The Embassy encourages both American citizen residents and visitors to the Dominican Republic to register with the Embassy on or before your arrival to the country. In the event of a natural disaster or emergency, this will assist in the Embassy’s effort to keep you informed. You may register through the State Department’s travel registration website, https://travelregistration.state.gov. American citizens who have previously registered with the U.S. Embassy do not need to register again.
Below is some information about various types of disasters and steps you can take to inform and protect yourself.
Hurricanes – The Dominican Republic is a hurricane-prone country. You can learn how to prepare for a hurricane by visiting https://www.fema.gov/disaster/4068/updates/hurricane-safety-tips-learn-what-do-during-and-after-hurricane.
To learn more about hurricanes, please visit our Hurricane webpage.
Rainstorms – In addition to hurricanes, the Dominican Republic may experience storms that bring significant amounts of rain. The rainy season lasts from May until November of each year. To learn what you should do in the event of a severe storm, visit: https://www.fema.gov/media-library/assets/documents/12392#
Floods – Due to the amount of potential rainfall during hurricanes and storms, flooding is a possible threat in low-lying areas. To prepare yourself against floods, visit: https://www.fema.gov/media-library/assets/documents/90164.
Earthquakes – The Dominican Republic lies near the boundary between the Caribbean and North American tectonic plates. As a result, the risk level in the Dominican Republic is considered moderate. Historically, the country has experienced approximately one earthquake each year. To learn more about preparing for earthquakes, visit: www.usgs.gov or https://www.fema.gov/media-library/assets/documents/3234. During an earthquake, protect yourself by following the steps at www.dropcoverholdon.org.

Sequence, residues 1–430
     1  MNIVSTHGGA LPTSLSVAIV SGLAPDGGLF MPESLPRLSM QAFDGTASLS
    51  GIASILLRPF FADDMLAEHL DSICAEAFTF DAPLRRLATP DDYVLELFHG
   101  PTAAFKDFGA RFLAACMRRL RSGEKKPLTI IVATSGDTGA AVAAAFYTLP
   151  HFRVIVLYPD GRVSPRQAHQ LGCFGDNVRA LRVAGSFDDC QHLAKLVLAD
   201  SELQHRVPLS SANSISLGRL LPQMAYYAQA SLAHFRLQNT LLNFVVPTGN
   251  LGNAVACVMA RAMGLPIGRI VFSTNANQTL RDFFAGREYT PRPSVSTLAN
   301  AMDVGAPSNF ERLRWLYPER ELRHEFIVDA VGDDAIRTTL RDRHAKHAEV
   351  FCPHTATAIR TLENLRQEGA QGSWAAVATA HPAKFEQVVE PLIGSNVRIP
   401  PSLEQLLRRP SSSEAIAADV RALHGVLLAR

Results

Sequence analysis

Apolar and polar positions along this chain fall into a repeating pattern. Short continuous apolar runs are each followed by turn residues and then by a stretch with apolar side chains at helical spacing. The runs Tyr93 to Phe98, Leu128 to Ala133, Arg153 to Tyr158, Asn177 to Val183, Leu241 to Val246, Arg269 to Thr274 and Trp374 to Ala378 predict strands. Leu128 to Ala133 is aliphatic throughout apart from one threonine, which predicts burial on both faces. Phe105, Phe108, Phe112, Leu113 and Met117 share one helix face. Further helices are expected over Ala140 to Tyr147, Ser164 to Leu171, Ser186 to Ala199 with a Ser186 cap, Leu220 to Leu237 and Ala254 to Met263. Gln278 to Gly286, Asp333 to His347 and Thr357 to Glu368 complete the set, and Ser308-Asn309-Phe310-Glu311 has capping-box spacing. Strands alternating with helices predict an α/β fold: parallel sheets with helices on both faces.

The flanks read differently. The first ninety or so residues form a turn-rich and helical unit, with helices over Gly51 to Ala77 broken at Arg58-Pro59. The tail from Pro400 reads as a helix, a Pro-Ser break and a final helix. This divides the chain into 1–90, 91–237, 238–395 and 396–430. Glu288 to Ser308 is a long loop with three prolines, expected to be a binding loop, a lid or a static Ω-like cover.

Tsunamis – A Tsunami is a series of huge waves (up to 100 feet high) that happen after an undersea earthquake or volcano eruption. Although tsunamis are rare, the Dominican Republic experienced two major tsunamis in 1946 and 1953, caused by strong earthquakes north of the Dominican Republic. For more information on tsunamis, including what to do in the event of a tsunami, please visit the following website: https://emilms.fema.gov/IS10A/AID0106100text.htm.
Be Prepared for Any Disaster – We recommend that you take measures to prepare and protect yourself in the event of any disaster. For more information about how to prepare, please visit the following websites:
For updated information on the security situation in the Dominican Republic, please contact the American Citizens Services (ACS) Unit of the U.S. Embassy. The Consular Section Embassy is located at the corner of Cesar Nicolas Penson Street and Máximo Gómez Avenue, Santo Domingo, D.R.; telephone 809-731-4294; after hours emergency telephone 809-567-7775; ACS unit fax 809-689-6142; e-mail SDOAmericans@state.gov;
Updated information on travel in the Dominican Republic may be obtained from the Department of State by calling 1-888-407-4747 within the United States, or from overseas, 1-202-501-4444. For further information please consult the Consular Information Sheet for Santo Domingo, which is available via the Internet at http://travel.state.gov.